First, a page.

The customer is king - call them clients, users, patients or whatever; it's the reason you are doing what you are, without them you cannot exist.


According to the Harvard Business School Open in new window, increasing customer retention rates by 5 percent increases profits by 25 to 95 percent.

Firstly, do you know who your customers are? Perhaps more importantly, do you know who your potential customers are?

Have you lost any customers, and if so do you know why?

Feedback is essential and and "survey" must be carefully designed to get the maximum benefit, because you don't just want to know if your customers are satisfied, that is only part of the story. Ideally any survey needs to allow the customer to be completely honest, therefore anonymous and preferably conducted by a third party.

Surprise them
Prove we care!

Look through their eyes.

The factors you should be looking for are:

  • What do your customers see as an ideal service?
  • How does your offering stack up against your competitors?
  • Where can the biggest improvements be made?
  • How can you track these changes?

Most organisations spend most of their effort gaining new customers and then neglect the lesser effort required to retain them. It is also often easier to regain a "lost" customer than to gain a new one.

There are a myriad of strategies to improve customer retention, below are some thoughts.

Make a small concession/gesture - it's the thought that counts but be careful, it should be seen as genuine and not just a ploy.

Take time to carry out after-sales; Check that your product or service was, at worst, satisfactory.

Ask your customer's opinion and, if possible, prove that you value it; ask them if there is anything they would like you to do that you don't already do - you may be surprised.

Make sure all "customer facing" employees are aware of how much latitude you allow them to "engage" the customer.

Don't forget the element of surprise. If any gesture becomes routine it loses impact.

Know your Customer

Understand and anticipate their needs. Small efforts such as remembering personal details about your contact can be a useful bond and whilst they might realise you have noted down their birthday or that their eldest son has just gone to university and then used a computerised calender to remind you, it does no harm to wish them a happy birthday or to enquire how their son is doing. It still means you care about them and don't just see them as a sale.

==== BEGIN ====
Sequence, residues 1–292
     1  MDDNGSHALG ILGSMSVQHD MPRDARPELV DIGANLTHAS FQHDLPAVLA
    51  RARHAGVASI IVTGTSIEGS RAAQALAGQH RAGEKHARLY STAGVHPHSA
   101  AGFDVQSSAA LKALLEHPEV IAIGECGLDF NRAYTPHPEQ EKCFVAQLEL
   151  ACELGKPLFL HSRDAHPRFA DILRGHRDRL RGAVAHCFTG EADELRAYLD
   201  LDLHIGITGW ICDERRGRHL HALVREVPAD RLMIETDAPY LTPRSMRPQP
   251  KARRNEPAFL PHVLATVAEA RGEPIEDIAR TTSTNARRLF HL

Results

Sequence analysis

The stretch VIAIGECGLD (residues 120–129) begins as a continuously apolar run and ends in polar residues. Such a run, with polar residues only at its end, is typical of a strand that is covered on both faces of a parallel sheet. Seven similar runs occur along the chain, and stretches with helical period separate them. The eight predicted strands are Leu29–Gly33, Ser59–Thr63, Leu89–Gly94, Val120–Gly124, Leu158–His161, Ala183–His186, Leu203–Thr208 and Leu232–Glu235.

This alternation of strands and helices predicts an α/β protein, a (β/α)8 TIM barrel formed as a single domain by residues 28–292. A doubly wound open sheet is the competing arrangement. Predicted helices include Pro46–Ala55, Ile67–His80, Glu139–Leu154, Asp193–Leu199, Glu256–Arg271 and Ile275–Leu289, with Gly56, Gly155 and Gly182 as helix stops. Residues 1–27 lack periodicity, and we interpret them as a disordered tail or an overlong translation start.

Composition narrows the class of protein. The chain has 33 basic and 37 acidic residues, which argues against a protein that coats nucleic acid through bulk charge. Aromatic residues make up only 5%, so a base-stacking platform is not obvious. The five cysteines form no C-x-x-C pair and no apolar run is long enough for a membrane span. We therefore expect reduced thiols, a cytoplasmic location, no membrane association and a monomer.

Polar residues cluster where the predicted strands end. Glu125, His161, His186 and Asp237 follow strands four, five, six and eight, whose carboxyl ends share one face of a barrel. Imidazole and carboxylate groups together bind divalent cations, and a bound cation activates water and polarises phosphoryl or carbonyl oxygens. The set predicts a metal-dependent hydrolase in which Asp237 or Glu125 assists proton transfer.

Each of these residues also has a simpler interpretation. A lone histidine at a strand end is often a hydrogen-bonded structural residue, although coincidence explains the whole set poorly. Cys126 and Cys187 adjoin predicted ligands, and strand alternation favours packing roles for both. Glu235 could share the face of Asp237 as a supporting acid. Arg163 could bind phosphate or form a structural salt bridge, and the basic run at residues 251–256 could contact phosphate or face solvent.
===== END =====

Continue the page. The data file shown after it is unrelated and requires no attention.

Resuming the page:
If your customer base has an interest that is related to but outside of your product range, consider holding, sponsoring or supporting an event. Don't forget to invite them and others that might turn into new customers.

If you extend any amount of credit or are particularly reliant on any customer, regular credit checks can be a useful indicator of problems ahead.

Be assured that there are cowboy customers too - if you have experienced one of these, you are not alone!


Which marketing methods are right for your organisation depends a lot on your market (product, customers, location etc).

Whatever you sell, the Internet is a good place to start. First make sure that your organisation is listed in all the directories that are relevant to your product or service. Thoroughly check that your web site is optimised for search engines. If you are unsure about what is the best approach to this, a good rule of thumb is to make sure you have as much information as possible on your web site and that it is relevant. Be very wary of any "guru" who claims to be able to guarantee a good or even top search engine ranking, it can be an expensive mistake if it goes wrong.

Make use of social media but be prepared to put time in to update your information on a regular basis.

Use existing customers to increase the spread of your message - word-of-mouth is the best advertising you can get. Ask your customers for their stories and put these in your sales material (web site, brochures etc).

Use the press. If you have some news, let the press know, they always need copy.

Get an angle; sponsoring a local event or charity can get you noticed and, if done well, can really raise your organisation's profile. It can be a surprisingly cost-effective to support a person, event, group or organisation that needs help.

Give away your expertise. If your organisation has skills which you are not already selling, consider making these available for free. If this results in any sort of documentation, which might be of interest or use to others, try to get it published where it can have the most impact.

Be inventive - think outside the box. The aim is to out-market your competitors. It might actually be easier to do something creative rather than compete head-to-head with the competition using the standard channels.

Bryony Thomas of Watertight Marketing Open in new window outlines some very useful principles for improving your marketing methodology.

As Seth Godin implies in his book The Purple Cow Open in new window People don't pay much attention to brown cows - but purple cows? That's different.

Contact William at Premier Crew to investigate ways to find and retain more customers.